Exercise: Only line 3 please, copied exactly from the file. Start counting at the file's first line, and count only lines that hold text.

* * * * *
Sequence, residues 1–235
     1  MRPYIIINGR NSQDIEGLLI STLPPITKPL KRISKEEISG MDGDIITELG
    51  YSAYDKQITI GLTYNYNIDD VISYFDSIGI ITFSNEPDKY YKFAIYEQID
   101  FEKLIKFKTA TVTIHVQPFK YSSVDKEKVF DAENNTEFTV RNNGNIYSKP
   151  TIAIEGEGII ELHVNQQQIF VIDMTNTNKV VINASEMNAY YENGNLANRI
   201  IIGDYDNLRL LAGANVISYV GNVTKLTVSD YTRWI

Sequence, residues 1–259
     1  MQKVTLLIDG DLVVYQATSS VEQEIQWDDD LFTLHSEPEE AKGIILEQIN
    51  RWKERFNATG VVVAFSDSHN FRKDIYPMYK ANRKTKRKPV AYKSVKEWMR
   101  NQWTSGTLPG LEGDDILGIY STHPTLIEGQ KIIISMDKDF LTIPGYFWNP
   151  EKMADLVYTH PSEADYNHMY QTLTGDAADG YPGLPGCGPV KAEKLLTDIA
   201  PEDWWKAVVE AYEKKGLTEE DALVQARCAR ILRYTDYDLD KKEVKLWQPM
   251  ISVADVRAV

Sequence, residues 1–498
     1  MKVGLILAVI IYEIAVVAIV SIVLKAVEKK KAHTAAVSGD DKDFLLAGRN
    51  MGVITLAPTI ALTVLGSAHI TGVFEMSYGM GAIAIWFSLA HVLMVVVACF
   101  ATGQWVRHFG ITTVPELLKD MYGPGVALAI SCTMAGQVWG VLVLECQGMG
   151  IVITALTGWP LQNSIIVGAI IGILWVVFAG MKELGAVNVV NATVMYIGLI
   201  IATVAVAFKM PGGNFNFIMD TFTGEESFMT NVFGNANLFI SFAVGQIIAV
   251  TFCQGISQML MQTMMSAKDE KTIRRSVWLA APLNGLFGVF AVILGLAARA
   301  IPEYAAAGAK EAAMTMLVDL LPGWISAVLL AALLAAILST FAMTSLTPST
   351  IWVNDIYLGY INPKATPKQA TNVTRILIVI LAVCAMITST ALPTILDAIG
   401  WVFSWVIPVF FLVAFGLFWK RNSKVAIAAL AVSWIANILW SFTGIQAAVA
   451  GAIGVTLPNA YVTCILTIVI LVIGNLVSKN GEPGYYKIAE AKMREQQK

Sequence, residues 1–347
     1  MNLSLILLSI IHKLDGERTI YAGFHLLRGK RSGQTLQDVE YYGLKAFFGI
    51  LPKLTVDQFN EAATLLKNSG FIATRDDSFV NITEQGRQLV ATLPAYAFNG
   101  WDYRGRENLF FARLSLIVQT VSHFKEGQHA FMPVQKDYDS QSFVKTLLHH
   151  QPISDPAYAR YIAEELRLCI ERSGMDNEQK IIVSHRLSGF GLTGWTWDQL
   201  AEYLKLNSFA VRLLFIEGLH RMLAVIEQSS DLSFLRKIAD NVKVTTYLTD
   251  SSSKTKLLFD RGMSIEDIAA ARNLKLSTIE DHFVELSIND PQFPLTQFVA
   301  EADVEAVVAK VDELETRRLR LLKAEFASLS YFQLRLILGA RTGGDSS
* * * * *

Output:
    51  YSAYDKQITI GLTYNYNIDD VISYFDSIGI ITFSNEPDKY YKFAIYEQID